Refugees and angels in Europe
ATHENS, Greece — “Do not neglect to show hospitality to…
BRATISLAVA, Slovakia — “I’m worried about our continent,” Robert Limb said of Europe. “The light might have departed. It might be too late.”
The British-born minister for the Moulin-Vert Church of Christ in Paris describes himself as “English by chance, French by choice” and “Christian by conviction.” He has labored tirelessly for decades in a Europe increasingly described as “post-pretty-well-everything,” he said. “Postmodern. Post-Christian. Past the post.”
“It’s almost as if we live in a civilization which knows it’s dying,” he said. “And at the same time, there are reasons to hope. And God has placed us here.”
Limb spoke to a room full of ministers, ministry leaders and church members during the second European Vision Workshop.
About 125 Christians, representing 59 Churches of Christ in 19 nations, met for the four-day event in the capital of Slovakia, about 45 minutes east of Vienna, Austria. Such a gathering likely would have been impossible 30 years ago, when Slovakia was part of communist Czechoslovakia.
Much has changed in Europe in those three decades. As the Soviet Union fell, missionaries rapidly planted Churches of Christ in Slovakia, Romania, Albania, Ukraine and Russia, to name a few. That work has slowed in recent years.
Meanwhile, many European nations report declining birth rates — below the replenishment level needed to avoid population decline without migration — and plummeting church attendance. Add to the mix a massive wave of refugees from the troubled, predominantly Muslim nations in the Middle East.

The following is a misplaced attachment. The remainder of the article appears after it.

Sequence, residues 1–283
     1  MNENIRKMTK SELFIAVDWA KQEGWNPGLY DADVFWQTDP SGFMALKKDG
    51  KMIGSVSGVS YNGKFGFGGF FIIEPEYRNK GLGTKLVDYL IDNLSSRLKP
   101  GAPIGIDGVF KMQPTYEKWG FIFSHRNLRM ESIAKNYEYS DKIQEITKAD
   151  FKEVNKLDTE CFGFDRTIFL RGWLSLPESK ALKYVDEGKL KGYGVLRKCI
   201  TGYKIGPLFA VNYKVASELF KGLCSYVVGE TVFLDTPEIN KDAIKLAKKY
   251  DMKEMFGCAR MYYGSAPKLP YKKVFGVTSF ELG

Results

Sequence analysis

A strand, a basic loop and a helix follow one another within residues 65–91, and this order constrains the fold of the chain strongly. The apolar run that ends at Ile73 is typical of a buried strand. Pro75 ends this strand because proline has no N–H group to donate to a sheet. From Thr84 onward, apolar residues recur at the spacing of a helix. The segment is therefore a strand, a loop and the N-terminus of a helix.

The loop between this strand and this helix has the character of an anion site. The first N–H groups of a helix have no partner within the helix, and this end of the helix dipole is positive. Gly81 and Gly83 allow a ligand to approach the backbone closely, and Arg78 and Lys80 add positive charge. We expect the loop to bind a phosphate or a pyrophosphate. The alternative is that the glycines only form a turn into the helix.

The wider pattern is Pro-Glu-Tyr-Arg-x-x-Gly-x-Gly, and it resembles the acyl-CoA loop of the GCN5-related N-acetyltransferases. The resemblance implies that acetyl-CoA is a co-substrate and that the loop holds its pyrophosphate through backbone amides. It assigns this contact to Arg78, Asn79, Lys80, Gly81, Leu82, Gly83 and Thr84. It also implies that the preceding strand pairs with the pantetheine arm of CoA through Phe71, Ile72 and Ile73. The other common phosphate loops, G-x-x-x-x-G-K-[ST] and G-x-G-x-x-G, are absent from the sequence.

But amidst the continent’s consternation, Christians here see divine opportunity.
The workshop had its genesis in Athens, Greece, near the epicenter of the refugee crisis. In 2016, four ministries associated with Churches of Christ — Partners in Progress, Sunset International Bible Institute, World Bible School and World English Institute — hosted a gathering of European church leaders to equip them to minister to asylum seekers in their countries. Many of the refugees are spiritual seekers and were members of secret house churches in the Middle East, forced to flee because of their newfound faith in Jesus.
After the Athens event, Bill McDonough of Partners in Progress approached Doug Reeves of Sunset about partnering in a similar workshop with an expanded focus. The four ministries launched the first European Vision Workshop in Mainz, Germany, in 2017 to help Christians reach all Europeans — including those who claim they have lost their faith, be it Islam or Christianity.